Thanks for the offer Marvin, i might take you up on it, even just to see how they perform before getting one.
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Postby ATJ on Fri Jul 13, 2007 12:43 pm

bouyant_clown wrote:My understanding was that the calibration process should help ensure that what i see on the screen looks the same (or close) to the prints that i get processed (i don't bother with printing at home).

Screen calibration is more about helping to ensure that what you see on your screen is the same or close to what someone else sees on their screen. Printer calibration is more about helping to ensure that what you see from your printer is the same or close to what someone else sees from their printer. Of course, with both the screen and printer calibrated, you will also get similar results from the screen to the printer.
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Postby Steffen on Sat Jul 14, 2007 3:13 am

Display calibration means bringing the display to a known state. It usually involves setting a known white point and gamma (such as 6500k, 2.2) while maxing out the useful dynamic range of the display. Display calibration involves changing display settings (like brightness, contrast, individual colour responses) and video driver setting, esp the colour look-up table (LUT) in the video card.

Home printers (at least the ones I had the chance to use) cannot be calibrated, there's nothing you can adjust there. I'm sure big shop printers can in some way...

Profiling a device (display or printer) means determining its behaviour (after calibration) and storing that information in an ICC file. Device profiles tell the colour management system (CMS) how a device will respond when fed RGB values. This allows the CMS to perform colour matching between devices (like on-screen soft proofing for you printer), and to make an image look the same on various devices (if they are all profiled).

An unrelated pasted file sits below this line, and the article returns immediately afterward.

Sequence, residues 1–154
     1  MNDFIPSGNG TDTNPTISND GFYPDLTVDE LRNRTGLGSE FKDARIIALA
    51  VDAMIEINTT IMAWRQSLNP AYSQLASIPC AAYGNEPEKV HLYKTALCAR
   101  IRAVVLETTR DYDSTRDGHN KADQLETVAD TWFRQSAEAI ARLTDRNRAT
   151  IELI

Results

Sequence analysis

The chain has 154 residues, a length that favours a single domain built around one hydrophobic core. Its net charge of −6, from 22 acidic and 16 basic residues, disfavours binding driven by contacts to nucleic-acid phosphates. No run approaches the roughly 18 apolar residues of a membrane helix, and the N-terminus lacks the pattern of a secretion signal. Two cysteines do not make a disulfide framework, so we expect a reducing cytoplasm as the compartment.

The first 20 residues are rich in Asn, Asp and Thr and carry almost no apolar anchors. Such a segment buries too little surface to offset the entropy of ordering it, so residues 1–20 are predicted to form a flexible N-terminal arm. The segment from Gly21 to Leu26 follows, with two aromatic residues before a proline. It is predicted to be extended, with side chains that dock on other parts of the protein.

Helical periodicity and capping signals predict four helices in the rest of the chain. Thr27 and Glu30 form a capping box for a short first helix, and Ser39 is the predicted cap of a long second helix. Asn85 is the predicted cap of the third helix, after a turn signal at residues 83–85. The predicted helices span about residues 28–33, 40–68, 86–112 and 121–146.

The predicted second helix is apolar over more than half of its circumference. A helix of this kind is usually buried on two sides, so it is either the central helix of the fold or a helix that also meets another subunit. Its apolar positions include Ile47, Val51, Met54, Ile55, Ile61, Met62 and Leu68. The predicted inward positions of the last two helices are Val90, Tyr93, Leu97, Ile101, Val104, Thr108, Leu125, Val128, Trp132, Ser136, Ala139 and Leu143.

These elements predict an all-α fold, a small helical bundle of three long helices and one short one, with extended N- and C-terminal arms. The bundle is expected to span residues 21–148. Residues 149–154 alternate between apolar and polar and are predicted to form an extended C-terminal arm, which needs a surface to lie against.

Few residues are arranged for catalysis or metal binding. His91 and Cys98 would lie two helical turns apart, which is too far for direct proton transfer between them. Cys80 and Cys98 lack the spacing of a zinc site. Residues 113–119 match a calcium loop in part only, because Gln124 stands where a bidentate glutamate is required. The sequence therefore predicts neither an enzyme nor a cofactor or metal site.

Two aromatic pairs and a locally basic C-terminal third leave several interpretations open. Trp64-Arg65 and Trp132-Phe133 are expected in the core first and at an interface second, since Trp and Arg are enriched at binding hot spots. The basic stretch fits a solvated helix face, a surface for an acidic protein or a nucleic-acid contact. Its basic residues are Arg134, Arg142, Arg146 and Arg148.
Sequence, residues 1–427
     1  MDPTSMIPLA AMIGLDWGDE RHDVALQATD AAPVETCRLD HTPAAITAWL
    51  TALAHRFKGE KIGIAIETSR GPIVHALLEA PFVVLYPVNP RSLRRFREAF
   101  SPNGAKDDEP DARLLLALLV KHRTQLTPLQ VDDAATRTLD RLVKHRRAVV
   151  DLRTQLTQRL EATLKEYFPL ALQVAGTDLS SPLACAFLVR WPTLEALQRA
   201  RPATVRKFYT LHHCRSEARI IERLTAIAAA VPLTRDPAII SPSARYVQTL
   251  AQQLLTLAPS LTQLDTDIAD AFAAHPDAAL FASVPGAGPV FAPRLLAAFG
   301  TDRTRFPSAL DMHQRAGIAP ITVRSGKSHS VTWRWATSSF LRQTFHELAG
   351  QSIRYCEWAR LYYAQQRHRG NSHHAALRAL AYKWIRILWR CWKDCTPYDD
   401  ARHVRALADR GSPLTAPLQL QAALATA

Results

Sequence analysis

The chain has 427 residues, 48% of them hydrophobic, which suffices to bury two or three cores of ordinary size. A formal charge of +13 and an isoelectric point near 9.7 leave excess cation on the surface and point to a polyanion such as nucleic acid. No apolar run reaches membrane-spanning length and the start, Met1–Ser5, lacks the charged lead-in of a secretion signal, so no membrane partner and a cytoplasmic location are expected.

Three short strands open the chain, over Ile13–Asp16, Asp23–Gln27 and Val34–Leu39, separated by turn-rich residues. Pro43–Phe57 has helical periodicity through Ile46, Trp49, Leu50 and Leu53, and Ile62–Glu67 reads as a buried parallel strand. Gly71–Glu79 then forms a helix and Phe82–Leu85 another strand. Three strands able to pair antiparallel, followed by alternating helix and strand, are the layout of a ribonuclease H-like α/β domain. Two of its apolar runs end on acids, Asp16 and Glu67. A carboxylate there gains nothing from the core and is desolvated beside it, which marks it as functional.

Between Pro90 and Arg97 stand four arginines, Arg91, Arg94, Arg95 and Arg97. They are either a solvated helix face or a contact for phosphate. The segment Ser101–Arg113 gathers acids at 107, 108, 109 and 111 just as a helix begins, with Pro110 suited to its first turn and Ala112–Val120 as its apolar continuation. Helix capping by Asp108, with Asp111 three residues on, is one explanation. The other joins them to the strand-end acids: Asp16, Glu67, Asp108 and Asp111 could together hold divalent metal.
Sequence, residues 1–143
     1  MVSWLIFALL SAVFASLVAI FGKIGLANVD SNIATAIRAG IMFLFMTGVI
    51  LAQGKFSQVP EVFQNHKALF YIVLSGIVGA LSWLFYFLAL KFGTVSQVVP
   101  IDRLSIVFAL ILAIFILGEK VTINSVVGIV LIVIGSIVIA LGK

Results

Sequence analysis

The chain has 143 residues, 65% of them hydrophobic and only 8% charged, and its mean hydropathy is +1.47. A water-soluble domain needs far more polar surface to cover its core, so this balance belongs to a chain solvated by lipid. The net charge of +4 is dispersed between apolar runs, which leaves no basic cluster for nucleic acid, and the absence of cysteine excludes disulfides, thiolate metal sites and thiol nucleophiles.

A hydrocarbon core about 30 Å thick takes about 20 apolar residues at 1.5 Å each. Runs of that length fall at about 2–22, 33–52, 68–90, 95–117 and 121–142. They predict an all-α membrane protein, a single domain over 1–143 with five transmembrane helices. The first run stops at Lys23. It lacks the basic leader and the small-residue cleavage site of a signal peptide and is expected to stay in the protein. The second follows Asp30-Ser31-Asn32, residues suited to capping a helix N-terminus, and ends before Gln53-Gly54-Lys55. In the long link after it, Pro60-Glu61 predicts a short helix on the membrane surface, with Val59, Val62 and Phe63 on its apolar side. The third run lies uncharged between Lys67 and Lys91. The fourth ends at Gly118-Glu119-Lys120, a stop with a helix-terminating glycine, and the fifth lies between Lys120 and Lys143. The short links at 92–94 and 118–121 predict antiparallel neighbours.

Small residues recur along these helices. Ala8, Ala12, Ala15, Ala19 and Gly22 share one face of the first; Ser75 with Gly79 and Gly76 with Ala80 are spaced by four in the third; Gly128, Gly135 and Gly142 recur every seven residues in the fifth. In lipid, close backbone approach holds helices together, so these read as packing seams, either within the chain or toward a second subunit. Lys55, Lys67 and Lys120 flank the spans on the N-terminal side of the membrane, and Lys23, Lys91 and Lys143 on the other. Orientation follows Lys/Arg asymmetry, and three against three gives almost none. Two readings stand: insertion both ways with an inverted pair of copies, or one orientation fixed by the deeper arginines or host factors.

Printer profiles are always profiles for a specific printer/paper/ink combination and assume a specific illuminant to view the prints under, like a 5000K light box.

Calibration and profiling are different but interdependent processes. Obviously, if the device deviates from its calibrated state (e.g. by fiddling with the brightness knob), the profile obtained for that state no longer applies.

Confusingly, video LUTs (created during calibration) are stored in display profile ICC files, most likely for lack of a better place to keep them...

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Postby DVEous on Sat Jul 14, 2007 10:23 am

... Obsolete ...
Last edited by DVEous on Sun May 04, 2014 11:07 am, edited 1 time in total.
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Postby ATJ on Sat Jul 14, 2007 11:23 am

VK4CP wrote:
ATJ wrote:Screen calibration is more about helping to ensure that what you see on your screen is the same or close to what someone else sees on their screen...

Providing that "someone else" has calibrated their systems too.

Obviously.